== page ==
Ibrahim Mohamed Solih was Saturday confirmed as the official winner of the Maldives presidential poll, with around 58 percent of the total votes cast, as the election body said its members had received death threats.
Solih beat the incumbent, Abdulla Yameen, by more than 38,000 votes. Yameen received 96,052 votes compared to Solih’s 134,705.
The head of the Elections Commission told media there had been no undue influence and no bribes. Bribes would have been rejected had they been offered.
Ahmed Shareef also said people would be charged for spreading gossip about EC members. The EC has insisted that nothing could affect the poll outcome.
“We received several phone calls in which we [the commissioners] were threatened with physical harm. I would like to say that this is not something that made us hesitate in our duties. We did not respond to it because the state’s security services were providing security arrangements for all the commissioners,” Shareef said at the news conference.
He was asked to respond to the ruling party’s assertion that electoral standards were changed through “planned and systematic attempts.”
“It has not come to our attention that there is any complaint like that among the complaints we received,” he told journalists. “What you are saying is, complaints that the commission gave instructions to systematically change electoral standards or that any other group or individual did such a thing. We have not received any information like that and no such complaint has been filed.”
The EC said a total of 423 complaints had been received by Thursday. Of these, 229 had been answered and 194 were outstanding.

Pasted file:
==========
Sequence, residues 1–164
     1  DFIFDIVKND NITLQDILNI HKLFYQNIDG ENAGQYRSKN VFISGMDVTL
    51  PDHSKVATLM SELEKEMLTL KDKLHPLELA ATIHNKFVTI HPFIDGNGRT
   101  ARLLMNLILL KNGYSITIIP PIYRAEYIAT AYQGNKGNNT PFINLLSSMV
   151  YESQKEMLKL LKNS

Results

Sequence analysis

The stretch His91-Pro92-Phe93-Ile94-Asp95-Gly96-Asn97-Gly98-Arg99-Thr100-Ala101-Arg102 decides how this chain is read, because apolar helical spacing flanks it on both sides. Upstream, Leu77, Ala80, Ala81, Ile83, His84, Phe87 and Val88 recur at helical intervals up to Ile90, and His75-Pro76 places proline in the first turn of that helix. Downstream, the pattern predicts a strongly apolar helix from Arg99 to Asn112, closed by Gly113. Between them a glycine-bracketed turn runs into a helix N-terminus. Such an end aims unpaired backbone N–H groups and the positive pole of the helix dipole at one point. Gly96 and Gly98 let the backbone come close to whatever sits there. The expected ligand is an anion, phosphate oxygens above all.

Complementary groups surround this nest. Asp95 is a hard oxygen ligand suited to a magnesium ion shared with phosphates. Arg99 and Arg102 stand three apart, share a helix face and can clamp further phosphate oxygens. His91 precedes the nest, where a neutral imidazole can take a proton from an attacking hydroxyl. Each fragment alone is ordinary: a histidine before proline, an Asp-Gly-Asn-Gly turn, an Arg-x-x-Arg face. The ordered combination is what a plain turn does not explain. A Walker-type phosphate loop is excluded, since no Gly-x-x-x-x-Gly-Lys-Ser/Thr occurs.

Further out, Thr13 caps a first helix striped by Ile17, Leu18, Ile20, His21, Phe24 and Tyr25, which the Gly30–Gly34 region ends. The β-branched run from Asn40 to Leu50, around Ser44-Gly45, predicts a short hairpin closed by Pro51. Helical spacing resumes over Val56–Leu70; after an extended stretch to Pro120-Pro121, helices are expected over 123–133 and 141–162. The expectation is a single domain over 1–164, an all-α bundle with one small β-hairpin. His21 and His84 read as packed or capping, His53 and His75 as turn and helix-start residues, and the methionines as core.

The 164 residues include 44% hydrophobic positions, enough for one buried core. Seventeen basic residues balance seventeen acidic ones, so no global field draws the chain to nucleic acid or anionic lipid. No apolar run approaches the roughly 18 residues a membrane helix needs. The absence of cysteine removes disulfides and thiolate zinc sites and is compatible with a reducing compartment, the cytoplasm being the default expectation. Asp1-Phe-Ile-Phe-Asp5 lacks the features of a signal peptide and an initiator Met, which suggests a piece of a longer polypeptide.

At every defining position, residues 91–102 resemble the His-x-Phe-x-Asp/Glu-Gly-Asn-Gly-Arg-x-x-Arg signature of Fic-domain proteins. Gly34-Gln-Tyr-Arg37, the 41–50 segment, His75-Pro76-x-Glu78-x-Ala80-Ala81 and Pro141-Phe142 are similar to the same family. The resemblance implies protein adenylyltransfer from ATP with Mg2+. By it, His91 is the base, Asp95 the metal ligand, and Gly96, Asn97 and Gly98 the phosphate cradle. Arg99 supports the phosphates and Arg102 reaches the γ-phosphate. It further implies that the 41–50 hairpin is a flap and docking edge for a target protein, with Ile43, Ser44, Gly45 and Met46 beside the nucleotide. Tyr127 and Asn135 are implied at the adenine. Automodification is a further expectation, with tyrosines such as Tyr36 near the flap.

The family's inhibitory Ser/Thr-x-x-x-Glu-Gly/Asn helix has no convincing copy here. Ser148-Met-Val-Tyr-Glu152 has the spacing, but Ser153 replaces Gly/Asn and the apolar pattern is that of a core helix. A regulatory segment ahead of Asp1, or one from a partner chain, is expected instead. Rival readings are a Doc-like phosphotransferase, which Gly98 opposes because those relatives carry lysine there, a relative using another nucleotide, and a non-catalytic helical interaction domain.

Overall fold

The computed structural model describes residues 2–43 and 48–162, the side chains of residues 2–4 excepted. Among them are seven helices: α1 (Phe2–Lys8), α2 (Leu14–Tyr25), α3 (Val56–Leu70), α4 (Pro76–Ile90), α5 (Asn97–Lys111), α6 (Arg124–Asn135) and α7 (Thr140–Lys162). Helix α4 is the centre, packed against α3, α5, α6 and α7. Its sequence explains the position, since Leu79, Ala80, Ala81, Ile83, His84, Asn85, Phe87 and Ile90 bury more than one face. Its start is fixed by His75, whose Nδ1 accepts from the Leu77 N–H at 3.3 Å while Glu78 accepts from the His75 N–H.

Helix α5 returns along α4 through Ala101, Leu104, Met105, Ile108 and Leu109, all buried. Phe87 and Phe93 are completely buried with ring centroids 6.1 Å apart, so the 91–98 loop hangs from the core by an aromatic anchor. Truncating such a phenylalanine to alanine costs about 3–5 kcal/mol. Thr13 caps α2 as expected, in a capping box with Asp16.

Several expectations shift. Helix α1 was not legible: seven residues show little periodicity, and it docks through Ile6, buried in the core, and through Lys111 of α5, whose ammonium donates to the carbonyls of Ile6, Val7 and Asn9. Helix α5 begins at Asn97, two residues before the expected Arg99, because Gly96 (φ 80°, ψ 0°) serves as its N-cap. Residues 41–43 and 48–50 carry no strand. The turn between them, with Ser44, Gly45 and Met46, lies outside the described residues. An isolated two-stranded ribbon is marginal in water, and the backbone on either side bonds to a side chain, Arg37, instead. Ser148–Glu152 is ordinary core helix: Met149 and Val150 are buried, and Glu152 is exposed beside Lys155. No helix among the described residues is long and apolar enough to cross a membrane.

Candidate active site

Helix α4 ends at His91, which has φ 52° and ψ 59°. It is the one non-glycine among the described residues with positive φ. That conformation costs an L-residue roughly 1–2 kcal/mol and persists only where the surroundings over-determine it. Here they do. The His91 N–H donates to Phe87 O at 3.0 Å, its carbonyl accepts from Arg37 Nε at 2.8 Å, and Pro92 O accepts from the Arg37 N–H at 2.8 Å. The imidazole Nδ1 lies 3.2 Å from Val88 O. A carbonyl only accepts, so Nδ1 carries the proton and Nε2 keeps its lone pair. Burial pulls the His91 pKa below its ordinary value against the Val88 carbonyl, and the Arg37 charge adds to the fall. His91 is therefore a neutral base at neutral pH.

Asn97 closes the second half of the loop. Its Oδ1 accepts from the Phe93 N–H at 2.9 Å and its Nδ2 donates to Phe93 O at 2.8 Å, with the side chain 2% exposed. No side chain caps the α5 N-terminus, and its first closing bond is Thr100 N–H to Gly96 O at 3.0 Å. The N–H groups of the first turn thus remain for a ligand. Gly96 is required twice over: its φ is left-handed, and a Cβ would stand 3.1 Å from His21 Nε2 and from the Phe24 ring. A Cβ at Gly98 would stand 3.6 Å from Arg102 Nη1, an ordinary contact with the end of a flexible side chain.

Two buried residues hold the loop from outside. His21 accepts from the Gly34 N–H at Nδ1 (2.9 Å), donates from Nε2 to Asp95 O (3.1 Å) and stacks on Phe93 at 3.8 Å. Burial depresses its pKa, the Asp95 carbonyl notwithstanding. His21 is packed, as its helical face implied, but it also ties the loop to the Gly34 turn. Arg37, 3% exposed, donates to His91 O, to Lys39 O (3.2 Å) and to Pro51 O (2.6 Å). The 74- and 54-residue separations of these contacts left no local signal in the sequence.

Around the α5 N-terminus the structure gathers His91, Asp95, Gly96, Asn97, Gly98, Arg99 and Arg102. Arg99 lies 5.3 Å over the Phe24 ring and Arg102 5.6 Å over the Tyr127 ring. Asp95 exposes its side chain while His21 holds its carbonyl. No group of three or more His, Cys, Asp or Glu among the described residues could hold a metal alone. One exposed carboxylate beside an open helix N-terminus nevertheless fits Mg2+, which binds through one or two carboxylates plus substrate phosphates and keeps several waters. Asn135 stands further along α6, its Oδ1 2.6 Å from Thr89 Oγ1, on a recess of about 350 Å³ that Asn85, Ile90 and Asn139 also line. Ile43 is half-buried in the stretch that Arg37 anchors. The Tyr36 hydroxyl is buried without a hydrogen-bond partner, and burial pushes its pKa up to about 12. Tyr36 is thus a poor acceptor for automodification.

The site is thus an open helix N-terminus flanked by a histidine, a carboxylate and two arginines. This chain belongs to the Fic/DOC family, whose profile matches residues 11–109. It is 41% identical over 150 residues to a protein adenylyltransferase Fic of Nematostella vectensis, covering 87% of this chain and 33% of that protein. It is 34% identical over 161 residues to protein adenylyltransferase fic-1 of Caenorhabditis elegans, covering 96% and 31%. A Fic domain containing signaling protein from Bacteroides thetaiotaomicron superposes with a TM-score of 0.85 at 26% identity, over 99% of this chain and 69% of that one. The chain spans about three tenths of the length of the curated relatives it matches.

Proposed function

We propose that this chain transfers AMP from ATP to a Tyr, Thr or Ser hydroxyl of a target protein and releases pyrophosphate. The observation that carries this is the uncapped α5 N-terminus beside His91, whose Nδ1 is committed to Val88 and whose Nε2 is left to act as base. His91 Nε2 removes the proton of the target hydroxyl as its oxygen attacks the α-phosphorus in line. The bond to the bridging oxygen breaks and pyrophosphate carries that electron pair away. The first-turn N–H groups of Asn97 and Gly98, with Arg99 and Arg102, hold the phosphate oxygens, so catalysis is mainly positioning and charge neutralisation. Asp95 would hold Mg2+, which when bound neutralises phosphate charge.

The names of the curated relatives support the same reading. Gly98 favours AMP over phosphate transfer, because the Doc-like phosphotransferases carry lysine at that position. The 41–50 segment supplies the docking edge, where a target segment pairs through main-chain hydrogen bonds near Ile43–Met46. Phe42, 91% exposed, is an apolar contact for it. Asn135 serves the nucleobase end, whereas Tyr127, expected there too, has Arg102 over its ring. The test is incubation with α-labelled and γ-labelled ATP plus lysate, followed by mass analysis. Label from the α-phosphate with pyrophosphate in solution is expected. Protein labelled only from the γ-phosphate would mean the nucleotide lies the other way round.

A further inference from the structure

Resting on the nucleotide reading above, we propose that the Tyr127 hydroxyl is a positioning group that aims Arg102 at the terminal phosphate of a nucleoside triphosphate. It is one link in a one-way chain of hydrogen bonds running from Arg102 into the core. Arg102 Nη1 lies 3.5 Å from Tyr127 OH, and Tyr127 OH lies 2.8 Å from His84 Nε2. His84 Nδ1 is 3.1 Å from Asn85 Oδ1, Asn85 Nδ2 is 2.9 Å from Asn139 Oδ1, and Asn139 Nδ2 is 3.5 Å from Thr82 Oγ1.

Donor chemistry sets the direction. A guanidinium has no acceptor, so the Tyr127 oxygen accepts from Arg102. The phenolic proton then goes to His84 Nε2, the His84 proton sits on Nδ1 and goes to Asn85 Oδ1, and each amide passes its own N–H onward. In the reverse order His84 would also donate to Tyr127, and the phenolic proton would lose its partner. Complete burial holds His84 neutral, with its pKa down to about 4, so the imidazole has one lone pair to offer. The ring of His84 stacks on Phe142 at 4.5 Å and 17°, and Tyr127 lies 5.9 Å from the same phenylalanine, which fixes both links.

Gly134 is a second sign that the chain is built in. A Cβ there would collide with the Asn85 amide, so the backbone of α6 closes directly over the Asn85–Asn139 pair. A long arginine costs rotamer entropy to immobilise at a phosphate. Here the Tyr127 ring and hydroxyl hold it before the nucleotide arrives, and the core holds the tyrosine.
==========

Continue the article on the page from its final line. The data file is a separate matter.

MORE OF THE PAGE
“The complaints bureau is investigating the complaints we have received and has decided that none of the complaints we have received so far will have an impact or change the final results of the election,” Shareef added.
The ruling Progressive Party of the Maldives said there were issues that worried people or raised questions about the election, the EC chief said, and that the party had asked for time to gather these complaints.
“We discussed this among us, and there is a 14 day period to submit complaints after the official results are announced,” Shareef said.
The law says that the president-elect can ask the Civil Service Commission to appoint a director-general of transition to facilitate the transfer of power.
He or she is required to provide funding or services that Solih and his running mate require Faisal Naseem – such as office space and personnel – and that a maximum of MVR1 million (around US$65,000) can be spent on the transition process until the transfer of power on November 17.
The law also says that Solih and Faisal should be given the same level of security as Yameen and his deputy Abdulla Jihad.
Breakdown of complaints filed between 23 and 27 September:
12 regarding re-registration
Seven regarding influencing election
Two regarding voter lists
41 regarding voting booth locations
38 for taking phone and handbag into polling station
23 for using another list
28 regarding UV light
Three for extra ballots in boxes
One regarding invalid votes
Six regarding campaign
42 regarding polling arrangements
11 regarding vote counting
Three regarding ballot paper
11 regarding observers and monitors
Five regarding election officials
One regarding selling ID cards
One for voting without name being on the list
Three regarding bribing